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Discussion Starter · #1 ·
An infant presents with neonatal hepatitis. Screening indicates a deficiency in a serine protease inhibitor that protects pulmonary function. The diagnosis is confirmed by genetic screening. What is the most probable genotype in this patient?
  • Hemizygous for the ΔF508 allele at the CFTR locus
  • Hemizygous for the M allele at the PI locus
  • Homozygous for the ΔF508 allele at the CFTR locus
  • Homozygous for the Z allele at the PI locus
  • Homozygous for the M allele at the PI locus
 

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Looks like cystic fibrosis which is an AR disease though i am not sure abt the neonatal hepatitis part, that might be from meconium ileus or something else But i'll go with C
 

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D) Homozygous for the Z allele at the PI locus

D) Homozygous for the Z allele at the PI locus

DX
Alpha-1-antitrypsin (AAT). AAT deficiency is an inherited genetic abnormality in the AAT protein that impairs its activity in the pulmonary alveoli and causes it to accumulate in hepatocytes.

Px can develop COPD, emphysema and cirrhosis.

Note: there are two genes involve such as S-gene and Z-gene

The S gene is more frequent among individuals of Spanish or Portuguese descent and the Z gene is highest in patients of Northern or Western European descent.

Tx
Replacing enzymes

Ref:http://emedicine.medscape.com/article/295686-overview
 

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Discussion Starter · #5 ·
D is correct!

You all are too smart - I should have said: "Infant presents in distress..." in the stem or added "Hemizygous for the Z allele at the PI locus" to the answer choices. But you probably would still have gotten it. Well done! :happy:

There are three main alleles of the PI gene (also called SerpinA1):
  • PI*M - normal, full-function allele.
  • PI*S - minor deficiency allele
  • PI*Z - major deficiency allele
People deficient in antitrypsin are at increased risk for:
  • Panacinar emphysema: AAT is the major antiprotease in the alveoli
  • Cirrhosis: misfolded AAT collects in the ER of hepatocytes and provokes the Unfolded Protein Response and apoptosis (only in PI*Z/Z and some variants of PI*S/S or PI*S/Z)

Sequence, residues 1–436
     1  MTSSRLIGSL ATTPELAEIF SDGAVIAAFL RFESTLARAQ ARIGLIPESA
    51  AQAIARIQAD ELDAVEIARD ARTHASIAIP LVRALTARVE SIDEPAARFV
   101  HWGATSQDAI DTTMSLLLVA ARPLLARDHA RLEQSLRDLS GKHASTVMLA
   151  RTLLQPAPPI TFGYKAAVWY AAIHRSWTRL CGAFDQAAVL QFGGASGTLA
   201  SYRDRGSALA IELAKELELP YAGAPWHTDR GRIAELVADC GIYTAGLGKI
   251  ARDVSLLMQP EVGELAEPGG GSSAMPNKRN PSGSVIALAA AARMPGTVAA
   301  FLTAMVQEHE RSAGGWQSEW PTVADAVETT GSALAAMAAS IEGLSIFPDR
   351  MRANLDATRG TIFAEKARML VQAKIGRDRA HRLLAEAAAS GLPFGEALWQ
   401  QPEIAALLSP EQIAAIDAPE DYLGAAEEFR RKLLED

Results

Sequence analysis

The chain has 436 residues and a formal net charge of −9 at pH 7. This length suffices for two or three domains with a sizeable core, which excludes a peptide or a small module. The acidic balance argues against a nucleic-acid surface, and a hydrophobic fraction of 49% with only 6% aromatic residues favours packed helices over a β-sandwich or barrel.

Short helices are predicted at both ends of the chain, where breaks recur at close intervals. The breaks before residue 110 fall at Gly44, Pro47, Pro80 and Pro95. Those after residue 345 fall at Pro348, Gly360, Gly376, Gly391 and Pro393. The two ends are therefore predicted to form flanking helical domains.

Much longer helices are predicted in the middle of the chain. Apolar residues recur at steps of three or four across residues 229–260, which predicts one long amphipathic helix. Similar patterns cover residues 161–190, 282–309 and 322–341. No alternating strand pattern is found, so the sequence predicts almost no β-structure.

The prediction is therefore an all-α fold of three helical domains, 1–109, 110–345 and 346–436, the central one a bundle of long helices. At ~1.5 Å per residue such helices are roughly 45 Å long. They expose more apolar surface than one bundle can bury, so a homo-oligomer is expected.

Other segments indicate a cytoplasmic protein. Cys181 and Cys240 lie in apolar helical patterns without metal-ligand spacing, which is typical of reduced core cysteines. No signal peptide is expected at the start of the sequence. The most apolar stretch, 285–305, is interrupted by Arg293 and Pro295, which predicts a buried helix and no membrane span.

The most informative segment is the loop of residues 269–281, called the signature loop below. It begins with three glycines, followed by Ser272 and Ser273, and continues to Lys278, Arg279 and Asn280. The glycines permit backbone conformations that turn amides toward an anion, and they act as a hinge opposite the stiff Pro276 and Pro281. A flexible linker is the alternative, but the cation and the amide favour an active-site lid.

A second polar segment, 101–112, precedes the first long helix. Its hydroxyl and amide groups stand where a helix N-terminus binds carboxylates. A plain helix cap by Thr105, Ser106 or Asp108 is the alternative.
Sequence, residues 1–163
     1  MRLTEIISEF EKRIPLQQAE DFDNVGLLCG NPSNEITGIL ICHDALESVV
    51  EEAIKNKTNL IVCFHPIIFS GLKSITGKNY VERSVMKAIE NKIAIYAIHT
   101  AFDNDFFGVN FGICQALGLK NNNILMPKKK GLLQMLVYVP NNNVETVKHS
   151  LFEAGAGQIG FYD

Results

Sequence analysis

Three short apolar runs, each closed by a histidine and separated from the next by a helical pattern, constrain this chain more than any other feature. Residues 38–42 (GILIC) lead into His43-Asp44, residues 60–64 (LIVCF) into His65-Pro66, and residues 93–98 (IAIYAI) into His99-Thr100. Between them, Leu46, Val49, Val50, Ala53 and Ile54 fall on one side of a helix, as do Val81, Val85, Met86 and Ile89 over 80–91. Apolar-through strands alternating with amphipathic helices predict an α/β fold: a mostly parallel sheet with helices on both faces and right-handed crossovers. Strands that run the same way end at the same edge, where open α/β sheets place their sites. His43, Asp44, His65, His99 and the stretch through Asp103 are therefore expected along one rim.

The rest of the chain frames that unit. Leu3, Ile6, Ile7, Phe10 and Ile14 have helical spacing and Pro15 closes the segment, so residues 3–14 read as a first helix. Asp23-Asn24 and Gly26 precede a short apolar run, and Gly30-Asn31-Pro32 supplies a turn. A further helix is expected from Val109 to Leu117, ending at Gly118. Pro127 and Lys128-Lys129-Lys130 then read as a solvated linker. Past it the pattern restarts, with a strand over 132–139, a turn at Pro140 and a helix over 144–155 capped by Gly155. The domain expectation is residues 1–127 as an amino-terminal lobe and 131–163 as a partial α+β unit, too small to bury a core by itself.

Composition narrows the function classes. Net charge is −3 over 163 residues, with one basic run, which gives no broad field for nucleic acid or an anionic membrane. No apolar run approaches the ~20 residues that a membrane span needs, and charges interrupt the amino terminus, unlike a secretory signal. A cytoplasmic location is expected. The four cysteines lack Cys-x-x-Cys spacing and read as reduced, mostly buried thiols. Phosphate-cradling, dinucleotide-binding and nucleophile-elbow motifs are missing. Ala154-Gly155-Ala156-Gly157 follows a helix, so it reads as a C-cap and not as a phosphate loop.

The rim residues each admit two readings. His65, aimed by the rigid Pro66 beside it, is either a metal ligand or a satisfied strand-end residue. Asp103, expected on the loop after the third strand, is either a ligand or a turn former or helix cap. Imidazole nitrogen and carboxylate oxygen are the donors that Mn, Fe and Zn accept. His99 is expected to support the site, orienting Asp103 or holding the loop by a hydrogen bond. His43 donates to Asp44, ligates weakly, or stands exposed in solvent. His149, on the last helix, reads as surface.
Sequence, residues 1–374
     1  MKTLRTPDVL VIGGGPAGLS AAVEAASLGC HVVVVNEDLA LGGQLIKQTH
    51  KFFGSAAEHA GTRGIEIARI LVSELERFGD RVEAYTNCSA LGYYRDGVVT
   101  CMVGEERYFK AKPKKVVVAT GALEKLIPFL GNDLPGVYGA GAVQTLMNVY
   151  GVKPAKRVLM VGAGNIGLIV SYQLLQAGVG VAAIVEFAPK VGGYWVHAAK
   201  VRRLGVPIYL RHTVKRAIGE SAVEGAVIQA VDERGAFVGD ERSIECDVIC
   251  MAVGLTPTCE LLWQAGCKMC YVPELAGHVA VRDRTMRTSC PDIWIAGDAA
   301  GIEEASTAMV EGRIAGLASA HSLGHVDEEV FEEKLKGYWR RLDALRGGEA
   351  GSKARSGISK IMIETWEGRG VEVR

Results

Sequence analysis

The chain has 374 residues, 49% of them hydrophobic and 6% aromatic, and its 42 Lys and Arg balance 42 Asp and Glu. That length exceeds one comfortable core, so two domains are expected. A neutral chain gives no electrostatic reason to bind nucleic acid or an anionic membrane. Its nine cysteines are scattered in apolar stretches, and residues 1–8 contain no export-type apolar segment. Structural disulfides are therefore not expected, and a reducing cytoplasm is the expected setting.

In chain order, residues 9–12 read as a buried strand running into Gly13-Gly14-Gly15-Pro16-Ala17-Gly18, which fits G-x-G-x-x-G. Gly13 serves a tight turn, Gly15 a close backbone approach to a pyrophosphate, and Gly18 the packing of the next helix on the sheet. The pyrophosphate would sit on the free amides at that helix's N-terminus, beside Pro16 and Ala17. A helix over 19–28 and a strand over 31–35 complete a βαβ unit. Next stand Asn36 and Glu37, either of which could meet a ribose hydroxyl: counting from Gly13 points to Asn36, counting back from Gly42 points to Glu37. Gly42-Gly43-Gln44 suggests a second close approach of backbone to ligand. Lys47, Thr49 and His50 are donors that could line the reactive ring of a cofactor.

So when alleles are combined:
  • Heterozygotes with one normal allele (PI*M/Z, PI*M/S, PI*M/null) are carriers, likely at no increased risk of either cirrhosis or emphysema
  • PI*S/Z heterozygotes and PI*Z/null hemizygotes have an increased risk of emphysema but not cirrhosis
  • PI*Z/Z homozygotes have an increased risk of emphysema and cirrhosis (because there is so much misfolded Z-type protein)
  • PI*null/null homozygotes have an absolute risk of emphysema and no increased risk of cirrhosis

95% of AAT-deficient individuals are PI*ZZ homozygous. Incidence is similar to CF. Actually, CF can also cause an obstructive jaundice and also involves the lungs, which is why I used it as a distractor. I was also trying to demonstrate Rasheed's "two similar answers are wrong" rule.
 

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Discussion Starter · #6 ·
Tx: Replacing enzymes
This is the major medical treatment for presentation as an adult with the COPD - this of course wouldn't help the cirrhosis :(. (The yearly cost is also 2X to 4X the average individual income in the U.S.! :eek:) The major surgical treatment is b/l lung transplant.
(low-yield note: I knew a man who had a lung transplant - he was on the waitlist for more than three years, and had to pay a lot of money, so I think that neither treatment is for normal people. Not that that sort of thing is on Step 1!)

For children, the main treatment is liver transplant.

I did read a recent article that was positing that mTOR inhibitors could speed up the degradation of misfolded proteins and help protect the liver, so we'll see how that goes in clinical trials...
 

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@Mondoshewan

a very stupid question...my brain is not working right now..:sleepy:
in ur post u mentioned that if u had changed the question to:
You all are too smart - I should have said: "Infant presents in distress..." in the stem or added "Hemizygous for the Z allele at the PI locus" to the answer choices. But you probably would still have gotten it.
u mean for this genotype?

PI*S/Z heterozygotes and PI*Z/null hemizygotes have an increased risk of emphysema but not cirrhosis,
 

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Discussion Starter · #10 ·
@Mondoshewan
a very stupid question...my brain is not working right now..:sleepy:
in ur post u mentioned that if u had changed the question to:... [hemizygous for the Z allele].. u mean for this [PI*Z/null] genotype?
Precisely - such a patient would be likely to develop emphysema in their 30's or 40's because of their severe lack of antiprotease activity. However, they would not be making enough of the misfolding PI to cause such early hepatitis, so that wouldn't be the answer for our baby. :) Sleep well! :sleepy:
 

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hemizygous for the Z allele]
.. u mean for this [PI*Z/null] genotype? Precisely - such a patient would be likely to develop emphysema in their 30's or 40's because of their severe lack of antiprotease activity. However, they would not be making enough of the misfolding PI to cause such early hepatitis, so that wouldn't be the answer for our baby. :) Sleep well! :sleepy:
lol.. that was really stupid question..haha
thanks for explaining :)
 
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